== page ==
I am delighted to offer another guest post in my series of contributed posts by black women and other women of color. These go up on Wednesday.
PLEASE submit a post or an idea for a post for consideration! I want to hear from you! Email me proposals or drafts at firstname.lastname@example.org. I pay $150 for accepted posts. The posts can be anonymous or not, as you prefer and can be about your experiences of racism/microaggressions in grad school or the career, your post-academic musings, hard-won advice for other students/faculty of color coming up, intersectional practices in teaching or research that you have found valuable, and also of course, makeup and clothes, or even tech gear you’ve found that helps in your work. More information can be found here.
Today’s post is by Candice Nicole Hargons, PhD. Dr. Candice Nicole Hargons is an award-winning psychologist and assistant professor at the University of Kentucky. She leads the RISE^2 Research Team, where they study sex and social justice with a love ethic. Her work has been featured in the New York Times, Huffington Post, Therapy for Black Girls, and Liberate Meditation. Dr. Hargons has been a leader in psychology and the community, serving on the executive boards of the Society of Counseling Psychology, American Psychological Association Council of Representatives, and the Lexington Urban League Young Professionals. She is also the founding director of the Center for Healing Racial Trauma, where they use love, liberation, equity, and creativity informed therapeutic interventions to help racially/ethnically marginalized people heal from racism. Connect with her at www.DrCandiceNicole.com and www.CenterForHealingRacialTrauma.com.
In the first post, I walked through some of my team’s research about how we react to racism and how racial trauma shows up in the academy. Now, I share four strategies most universities haven’t implemented that can initiate their healing racial trauma work. This is in no way an exhaustive list. There are many more, because many are necessary.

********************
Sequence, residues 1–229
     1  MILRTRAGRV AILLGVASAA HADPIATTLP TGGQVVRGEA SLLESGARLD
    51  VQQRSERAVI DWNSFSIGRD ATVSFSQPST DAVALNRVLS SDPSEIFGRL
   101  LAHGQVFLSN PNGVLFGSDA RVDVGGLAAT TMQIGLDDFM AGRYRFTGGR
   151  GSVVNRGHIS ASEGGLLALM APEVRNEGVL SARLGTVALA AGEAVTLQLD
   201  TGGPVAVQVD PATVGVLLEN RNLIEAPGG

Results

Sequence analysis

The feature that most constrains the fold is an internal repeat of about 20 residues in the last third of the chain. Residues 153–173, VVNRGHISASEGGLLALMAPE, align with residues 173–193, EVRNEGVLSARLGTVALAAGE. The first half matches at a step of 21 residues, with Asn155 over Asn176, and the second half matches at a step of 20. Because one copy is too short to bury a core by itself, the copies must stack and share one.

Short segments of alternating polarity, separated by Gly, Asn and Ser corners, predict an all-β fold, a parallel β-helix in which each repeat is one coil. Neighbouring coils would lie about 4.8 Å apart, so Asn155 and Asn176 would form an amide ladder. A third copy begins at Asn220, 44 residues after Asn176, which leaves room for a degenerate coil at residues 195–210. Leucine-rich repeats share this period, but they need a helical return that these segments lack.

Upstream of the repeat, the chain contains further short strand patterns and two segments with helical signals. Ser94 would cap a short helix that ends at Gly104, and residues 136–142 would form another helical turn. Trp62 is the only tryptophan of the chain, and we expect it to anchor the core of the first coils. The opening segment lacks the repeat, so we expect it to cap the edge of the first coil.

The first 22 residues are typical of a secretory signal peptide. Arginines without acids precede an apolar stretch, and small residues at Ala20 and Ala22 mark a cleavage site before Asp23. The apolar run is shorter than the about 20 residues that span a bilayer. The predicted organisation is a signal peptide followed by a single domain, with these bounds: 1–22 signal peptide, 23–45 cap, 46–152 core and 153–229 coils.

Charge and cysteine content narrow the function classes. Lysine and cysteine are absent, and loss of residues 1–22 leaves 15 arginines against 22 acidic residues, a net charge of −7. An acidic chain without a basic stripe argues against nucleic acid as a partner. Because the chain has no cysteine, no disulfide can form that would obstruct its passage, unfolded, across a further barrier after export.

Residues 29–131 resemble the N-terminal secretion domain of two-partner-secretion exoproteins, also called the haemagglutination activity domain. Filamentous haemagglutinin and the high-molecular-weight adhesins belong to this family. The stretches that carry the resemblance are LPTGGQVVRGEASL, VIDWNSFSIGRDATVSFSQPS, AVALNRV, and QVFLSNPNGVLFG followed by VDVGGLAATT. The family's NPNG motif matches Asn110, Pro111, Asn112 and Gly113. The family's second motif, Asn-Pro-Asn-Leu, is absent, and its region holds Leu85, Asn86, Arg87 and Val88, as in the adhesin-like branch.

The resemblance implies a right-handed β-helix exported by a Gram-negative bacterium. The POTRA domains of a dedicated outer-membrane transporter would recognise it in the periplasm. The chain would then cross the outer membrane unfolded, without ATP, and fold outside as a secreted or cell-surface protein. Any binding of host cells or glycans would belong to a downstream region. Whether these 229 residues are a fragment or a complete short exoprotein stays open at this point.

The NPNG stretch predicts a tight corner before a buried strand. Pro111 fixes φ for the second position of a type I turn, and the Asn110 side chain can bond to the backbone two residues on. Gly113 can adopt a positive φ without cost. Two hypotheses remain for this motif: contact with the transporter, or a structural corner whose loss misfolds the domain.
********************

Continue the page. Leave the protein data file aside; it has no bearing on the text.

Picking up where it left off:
- Go beyond having potential faculty write a diversity statement. We all know how to lie. Institute a course as a part of the faculty orientation that is intentionally designed to cultivate anti-racism.
- Place noble, flattering images of POC around campus: distinguished alum, faculty, and staff – including the staff who have blue-collar jobs, as was recently done at Princeton.
- Pay the POC who champion racial justice efforts on campus in bonuses or pay them in tenure points. Quantify and qualify how valuable that service is to the sense of belonging it creates on campus.
- Make an anti-racism course mandatory for all first-year students. If you’re fancy, like a university should be, evaluate the efficacy of the course in reducing racist action.
For POC, if you’re at a university that is nowhere near implementing a racism reduction plan, here are four healing racial trauma strategies for you:
- Meditate for the first 5-10 minutes when you get to your office. Spend that time acknowledging what’s happening in your body, with compassion and deep intentional breathing. Bonus if the meditation is focused on racial healing. I love guided meditation for this (look for meditation apps for POC).
- Identify your work and community support systems, so you can get a hug, cuss someone out, or plot your exit strategy with people who care about you. Research shows time and again that having a social support system who can be in solidarity with you reduces race-based stress. If your university doesn’t have POC affinity groups, get some colleagues together and create one.
- Preemptively write out what you fear and what you are and are not willing to risk, without judgment. When a moment happens where you need to make a decision about what type of resistance action you’ll take, you don’t want to have to figure out your risk levels then. I want to validate that fear is a natural part of the healing racial trauma process. Courage is too.
- Get the type of therapy where you can openly talk about how racism affects you, with a therapist who will validate the toxicity and toll of it. Many of us (I’m a licensed psychologist) were not trained to incorporate an intersectional, critically conscious, anti-racist framework in our therapy, so asking your current therapist to get this type of training or seeking a therapist that has had it is within your right.
It’s the combined systemic and self work that create the conditions for healing racial trauma. The academy wasn’t design for this, but it can be. In the same way that physical exercise is uncomfortable, and sometimes painful, but important to our health, healing racial trauma is uncomfortable, and sometimes painful, but important to creating an academic environment where everyone can ultimately thrive.